3. Pour batter into the tin. Sprinkle pearl sugar on top (optional). Bake for about 60 minutes or until a skewer inserted in the middle comes out clean.
  4. Take cake out of the tin immediately after baking and place on a wire rack to cool completely. The cake tastes even better 2 or 3 days after baking! Best served slathered with butter.

Mini Christmas Stollen

Mini Christmas Stollen |  A Dutchie Baking

A Merry Christmas to you all! If you have loads of nuts and dried fruits left from making your fruit cakes and Christmas puddings, use them to make these mini stollen! I say mini, they’re not thát small actually but perfect to serve for Christmas breakfast. I like cutting them into smaller slices and slathering them with soft, real butter – ultimate decadence <3

Mini Christmas Stollen |  A Dutchie Baking

I’ve used up whatever I could find in my cupboard as filling in these stollen but feel free to make you own, unique filling with dried fruits, nuts, or even pearl sugar. Whatever the filling, you must sprinkle on copious amounts of icing sugar!

Mini Christmas Stollen |  A Dutchie Baking

Mini Christmas Stollen Recipe

Makes 8 small stollen

Source: base recipe from Uit de Keuken van Arden

Ingredients:

Dough:

375 grams strong white bread flour
10 grams instant yeast
50 grams sugar
160 ml lukewarm full-fat milk
1 egg
1/2 teaspoon speculaas spices or mixed spice
7 grams salt
75 grams soft unsalted butter, diced

Filling 1:

75 grams chopped dried apricots
100 grams golden raisins
125 grams currants
50 grams chopped almonds
25 grams chopped hazelnuts

Filling 2:

250 grams almond paste
zest of 1/2 orange
16 amarena cherries

1/2 – 1 cup of icing sugar

  1. Steep the dried fruits in some hot water (optionally with some orange liqueur or rum) for 15 minutes, then leave to dry overnight in a sieve.
  2. To make the dough, mix all the ingredients EXCEPT for the butter in a large bowl, making sure the yeast and salt aren’t touching each other directly. Knead for about 7 minutes in a free-standing electric mixer. Then add the butter a little bit at a time until all of it has been incorporated. Shape into a ball and leave for 15 minutes. Then knead in filling 1, by hand or with the mixer. Shape into a ball again and leave to proof for 1 hour.
  3. For filling 2, mix the almond paste with the orange zest. Half the amarena cherries.
  4. Divide the proofed dough into 8 pieces. Shape each piece into an oval shape with your hands. Divide the almond paste into 8 pieces and roll each piece to the same length as the wide side of the oval. Place it on the dough, then place 4 amarena cherry halves on top. Fold the dough over. Place on a baking sheet lined with baking parchment. Proof for another 45 minutes.
  5. Preheat the oven to 200C/390F.
  6. Once proofed, bake the mini stollen for 30-35 minutes. Leave them to cool on a wire rack. Once cooled, cover with plenty of icing sugar. Enjoy with some butter slathered on!

 

Salted Peanut and Chocolate Cookies – 12 Days of Christmas Cookies #9

Salted Peanut and Chocolate Cookies | A Dutchie Baking

I know, I know, I’m late with this recipe! But, I got caught up in Christmas business and some anxiety attacks so I’m sure you’ll understand 🙂 This cookie uses the same dough as the previous recipe  but features a different filling: dark chocolate and salted peanuts – mmm.

Salted Peanut and Chocolate Cookies | A Dutchie Baking

Using one dough with several fillings is perfect for Christmas of course – you can serve loads of flavors so that everyone can find something they like. I like using salted peanuts in combination with chocolate because the salt brings out the chocolatey flavor. You can use the same principle for hot chocolate by adding a pinch of salt, trust me, it will change you chocolate life!

Salted Peanut and Chocolate Cookies | A Dutchie Baking

These cookies are also great to serve with some (vanilla or chocolate) ice cream, or even to make mini ice cream sandwiches with for a cute and easy Christmas dinner dessert!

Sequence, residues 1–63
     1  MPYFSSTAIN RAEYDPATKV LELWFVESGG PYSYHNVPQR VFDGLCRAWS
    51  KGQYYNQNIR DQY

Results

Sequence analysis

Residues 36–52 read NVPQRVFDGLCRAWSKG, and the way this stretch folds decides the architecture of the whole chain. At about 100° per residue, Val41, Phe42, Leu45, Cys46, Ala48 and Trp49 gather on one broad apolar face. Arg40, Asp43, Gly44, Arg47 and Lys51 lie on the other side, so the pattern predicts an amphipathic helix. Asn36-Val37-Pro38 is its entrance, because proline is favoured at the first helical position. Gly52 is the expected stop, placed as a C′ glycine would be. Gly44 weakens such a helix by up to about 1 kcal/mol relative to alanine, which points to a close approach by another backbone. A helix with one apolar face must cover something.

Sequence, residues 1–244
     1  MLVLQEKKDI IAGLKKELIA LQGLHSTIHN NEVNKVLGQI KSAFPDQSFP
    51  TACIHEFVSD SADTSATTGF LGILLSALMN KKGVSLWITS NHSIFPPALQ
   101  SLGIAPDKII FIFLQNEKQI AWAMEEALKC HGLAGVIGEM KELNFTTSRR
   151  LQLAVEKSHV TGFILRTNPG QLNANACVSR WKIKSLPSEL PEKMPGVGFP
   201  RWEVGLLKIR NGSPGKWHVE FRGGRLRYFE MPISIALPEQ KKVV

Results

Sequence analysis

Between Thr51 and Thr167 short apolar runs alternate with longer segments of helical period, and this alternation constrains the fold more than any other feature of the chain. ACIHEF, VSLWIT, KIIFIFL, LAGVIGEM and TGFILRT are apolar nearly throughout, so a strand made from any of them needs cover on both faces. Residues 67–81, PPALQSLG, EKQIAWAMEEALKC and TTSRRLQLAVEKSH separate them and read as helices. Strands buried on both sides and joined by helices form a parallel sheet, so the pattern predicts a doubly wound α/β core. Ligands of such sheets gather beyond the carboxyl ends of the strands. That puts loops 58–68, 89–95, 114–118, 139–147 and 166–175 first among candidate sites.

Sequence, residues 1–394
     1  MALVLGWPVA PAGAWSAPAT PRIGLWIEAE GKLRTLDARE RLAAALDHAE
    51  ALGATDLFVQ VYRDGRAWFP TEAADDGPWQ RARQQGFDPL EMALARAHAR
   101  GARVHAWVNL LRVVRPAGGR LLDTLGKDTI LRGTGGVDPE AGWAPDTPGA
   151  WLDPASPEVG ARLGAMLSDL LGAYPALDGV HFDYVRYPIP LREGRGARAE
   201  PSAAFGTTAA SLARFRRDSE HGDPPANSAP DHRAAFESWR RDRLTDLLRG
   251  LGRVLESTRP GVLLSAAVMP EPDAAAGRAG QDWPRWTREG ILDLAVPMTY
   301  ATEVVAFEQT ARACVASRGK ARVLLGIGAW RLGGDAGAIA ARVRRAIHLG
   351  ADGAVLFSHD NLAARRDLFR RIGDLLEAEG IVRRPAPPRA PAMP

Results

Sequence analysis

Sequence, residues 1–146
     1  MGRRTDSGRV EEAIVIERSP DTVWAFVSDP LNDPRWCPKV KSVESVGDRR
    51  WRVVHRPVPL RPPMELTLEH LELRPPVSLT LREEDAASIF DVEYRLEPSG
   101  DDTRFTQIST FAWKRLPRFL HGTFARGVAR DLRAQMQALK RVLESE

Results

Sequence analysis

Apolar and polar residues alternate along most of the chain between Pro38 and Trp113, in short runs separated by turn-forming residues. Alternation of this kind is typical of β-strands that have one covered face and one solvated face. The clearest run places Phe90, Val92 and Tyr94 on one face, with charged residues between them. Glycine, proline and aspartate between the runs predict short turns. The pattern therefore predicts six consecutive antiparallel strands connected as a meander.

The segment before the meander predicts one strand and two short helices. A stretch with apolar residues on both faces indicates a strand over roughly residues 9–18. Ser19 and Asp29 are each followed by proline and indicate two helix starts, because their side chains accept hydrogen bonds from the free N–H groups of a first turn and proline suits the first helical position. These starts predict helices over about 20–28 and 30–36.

Salted Peanut and Chocolate Cookies | A Dutchie Baking

Salted Peanut and  Chocolate Cookies Recipe

For 40 cookies

Ingredients:

175 grams plain flour
1/2 tsp baking powder
50 grams sugar
100 grams softened unsalted butter
1/2 egg

60 grams salted peanuts, chopped
50 grams chopped dark chocolate

  1. Sift flour and baking powder together. Add sugar, butter, and the egg. Knead by hand or in a freestanding mixer with paddle attachment.
  2. Add peanuts and chocolate and knead until incorporated (not too long). Shape dough into 2 20cm rolls and wrap in clingfilm. Chill for at least 1 hours.
  3. Preheat the oven to 180C/355F. Line two baking trays with baking parchment or Silpat mats.
  4. Cut the dough rolls into 1 cm thick slices and place the cookies on the baking trays. Bake for 10-12 minutes. In an airtight box, these cookies will keep for up to 3 weeks.

 

Coconut Pistachio Cookies with Orange – 12 Days of Christmas Cookies #8

Coconut Pistachio Cookies with Orange | A Dutchie Baking

It isn’t properly Christmas until you’ve baked Christmas cookies right? Well, I thought I’d add to my 12 days of Christmas Cookies series today with a slightly exotic variety! You can add all sorts of ingredients to this cookie dough, so feel free to experiment! Baking time stays the same. Tomorrow I’ll post a peanut and chocolate variety so look out for that.

Coconut Pistachio Cookies with Orange | A Dutchie BakingCoconut Pistachio Cookies with Orange | A Dutchie Baking

A few tips: you can use orange juice as a substitution for the orange liqueur, although I prefer using Cointreau. If you want, you can keep some of the grated coconut aside to sprinkle on top before baking. These cookies will keep for up to 3 weeks in an airtight container!

Coconut Pistachio Cookies with Orange | A Dutchie Baking

Pistachio, Coconut and Orange Cookie Recipe

Source: based on a Dr Oetker recipe

For 40 cookies

Ingredients:

175 grams plain flour
1/2 tsp baking powder
50 grams sugar
100 grams softened unsalted butter
1/2 egg

60 grams grated coconut
2 tbsp orange liqueur
zest of 1 orange
50 grams chopped pistachios

  1. Sift flour and baking powder together. Add sugar, butter, and the egg. Knead by hand or in a freestanding mixer with paddle attachment.
  2. Add grated coconut, liqueur, zest, and pistachios and knead until incorporated (not too long). Shape dough into 2 20cm rolls and wrap in clingfilm. Chill for at least 1 hours.
  3. Preheat the oven to 180C/355F. Line two baking trays with baking parchment or Silpat mats.
  4. Cut the dough rolls into 1 cm thick slices and place the cookies on the baking trays. Bake for 10-12 minutes. In an airtight box, these cookies will keep for up to 3 weeks.